By Jim Gilbert
The home range of the wild turkey is the eastern, southern, and southwestern United States, and down into Mexico. There is no positive evidence that this species had ever existed in Minnesota before European settlement, but they were introduced into the southern part of the state as far back as 1936.
Now, after a series of introductions during the 1960s and ‘70s, they are seen year-round in open woodlands, along forest edges, and in wooded swamps scattered across the southern half of the state.
Although they feed on the ground, wild turkeys roost in trees at night. Seeing these large birds, which stand three to four feet tall and usually weigh from 8 to 18 pounds, spring off the ground and fly nearly straight up into a tall tree is quite a sight. I have watched wild turkeys head up to their tree roosts in the Waconia area on several occasions.
They are brown and bronze, each with a striking blue and red featherless head. We see them at feeding stations where they eat cracked corn and other seeds on the ground along with the much smaller dark-eyed juncos, northern cardinals, blue jays, and mourning doves.
The domestic turkey is a subspecies that had been tamed, and was taken from Mexico to Europe by the Spaniards in the sixteenth century. There was confusion from the start regarding the origin of this great bird. It was initially thought that it had originated in the country of Turkey. Hence, the name we use today. History tells us that English settlers brought the domestic turkey back to North America.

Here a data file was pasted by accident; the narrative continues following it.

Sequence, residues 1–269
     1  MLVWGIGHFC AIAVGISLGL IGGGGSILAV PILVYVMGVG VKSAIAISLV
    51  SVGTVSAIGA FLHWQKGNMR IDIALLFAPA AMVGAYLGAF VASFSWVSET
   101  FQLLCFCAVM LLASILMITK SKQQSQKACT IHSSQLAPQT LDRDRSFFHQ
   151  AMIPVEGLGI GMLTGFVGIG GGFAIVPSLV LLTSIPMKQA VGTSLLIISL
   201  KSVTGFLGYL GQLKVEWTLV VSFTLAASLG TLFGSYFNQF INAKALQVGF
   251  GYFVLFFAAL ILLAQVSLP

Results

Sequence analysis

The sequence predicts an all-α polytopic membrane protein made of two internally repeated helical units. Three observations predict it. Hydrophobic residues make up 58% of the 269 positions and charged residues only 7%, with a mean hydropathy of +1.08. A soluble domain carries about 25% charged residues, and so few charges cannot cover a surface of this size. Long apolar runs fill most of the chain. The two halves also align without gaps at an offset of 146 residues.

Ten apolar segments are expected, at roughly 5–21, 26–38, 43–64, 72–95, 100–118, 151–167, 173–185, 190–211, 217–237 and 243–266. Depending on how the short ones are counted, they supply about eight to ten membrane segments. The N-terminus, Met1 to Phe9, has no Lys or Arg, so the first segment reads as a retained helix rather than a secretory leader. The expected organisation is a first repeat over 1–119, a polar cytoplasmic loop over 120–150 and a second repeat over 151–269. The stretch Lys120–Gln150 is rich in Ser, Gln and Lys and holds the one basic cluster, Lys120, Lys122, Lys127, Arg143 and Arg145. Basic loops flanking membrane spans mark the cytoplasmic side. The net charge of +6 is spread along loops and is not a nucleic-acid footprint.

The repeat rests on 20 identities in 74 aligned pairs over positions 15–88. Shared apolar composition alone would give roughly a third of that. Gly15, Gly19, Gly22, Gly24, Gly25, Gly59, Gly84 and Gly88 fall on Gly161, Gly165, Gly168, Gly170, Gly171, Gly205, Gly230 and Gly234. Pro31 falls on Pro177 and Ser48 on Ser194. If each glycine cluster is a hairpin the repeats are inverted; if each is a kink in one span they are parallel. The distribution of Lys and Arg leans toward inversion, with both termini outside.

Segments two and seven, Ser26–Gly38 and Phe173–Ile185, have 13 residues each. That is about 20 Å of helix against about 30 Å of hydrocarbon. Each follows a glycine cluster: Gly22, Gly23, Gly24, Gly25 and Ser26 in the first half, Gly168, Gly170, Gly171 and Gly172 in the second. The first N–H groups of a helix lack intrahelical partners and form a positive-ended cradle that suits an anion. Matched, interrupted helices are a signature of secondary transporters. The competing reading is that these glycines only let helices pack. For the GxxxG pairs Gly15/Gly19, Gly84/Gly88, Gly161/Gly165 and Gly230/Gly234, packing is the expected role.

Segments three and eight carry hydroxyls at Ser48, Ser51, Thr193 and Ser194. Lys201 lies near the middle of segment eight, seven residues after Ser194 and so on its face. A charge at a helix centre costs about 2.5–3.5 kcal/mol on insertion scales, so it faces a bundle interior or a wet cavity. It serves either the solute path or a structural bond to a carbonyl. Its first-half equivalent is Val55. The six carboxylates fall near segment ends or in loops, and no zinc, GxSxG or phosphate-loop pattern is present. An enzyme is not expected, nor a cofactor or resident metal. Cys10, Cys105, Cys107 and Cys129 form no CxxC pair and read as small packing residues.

Wild turkeys prefer acorns but will eat any kind of seed, plus fruits, insects, frogs, and other small animals. They spend the winter in same-sex or mixed-sex flocks. At any time of year wild turkeys may gobble but it is in the spring that each tom reigns over his own small clearing, gobbling in earnest with tail fanned.
In 1782, the wild turkey lost by a single vote to the bald eagle to become our national bird and national symbol.
What’s happening outdoors now?
We are deep into November, the month of clouds, and with that comes some of the most colorful sunrises and sunsets. Avid gardeners cover rows of carrots with straw so fresh carrots can be dug when they are needed throughout winter.
Still a few skunks and raccoons are out and about; soon they will be sleeping in sheltered places and we won’t see them out until well into January or early February.
On the first calm, freezing day or night after a particular pond or lake reaches 39 degrees F in all parts, an ice cover will form. This year Hilks Lake, located on the northwest side of Waconia, froze over on Nov. 12 (last year Nov. 24).
On Nov. 21 a year ago
We enjoyed Indian Summer with a high temperature of 62 degrees (the normal high for this date is 38 degrees), light winds from the south, and enough high clouds to provide both a beautiful sunrise and sunset.
Sod was still being put down for new lawns. A fishing boat was out on Lake Waconia.
People in the whole Twin Cities area were also golfing, sailing and biking. Gossamers shimmered silver-white in the sunshine.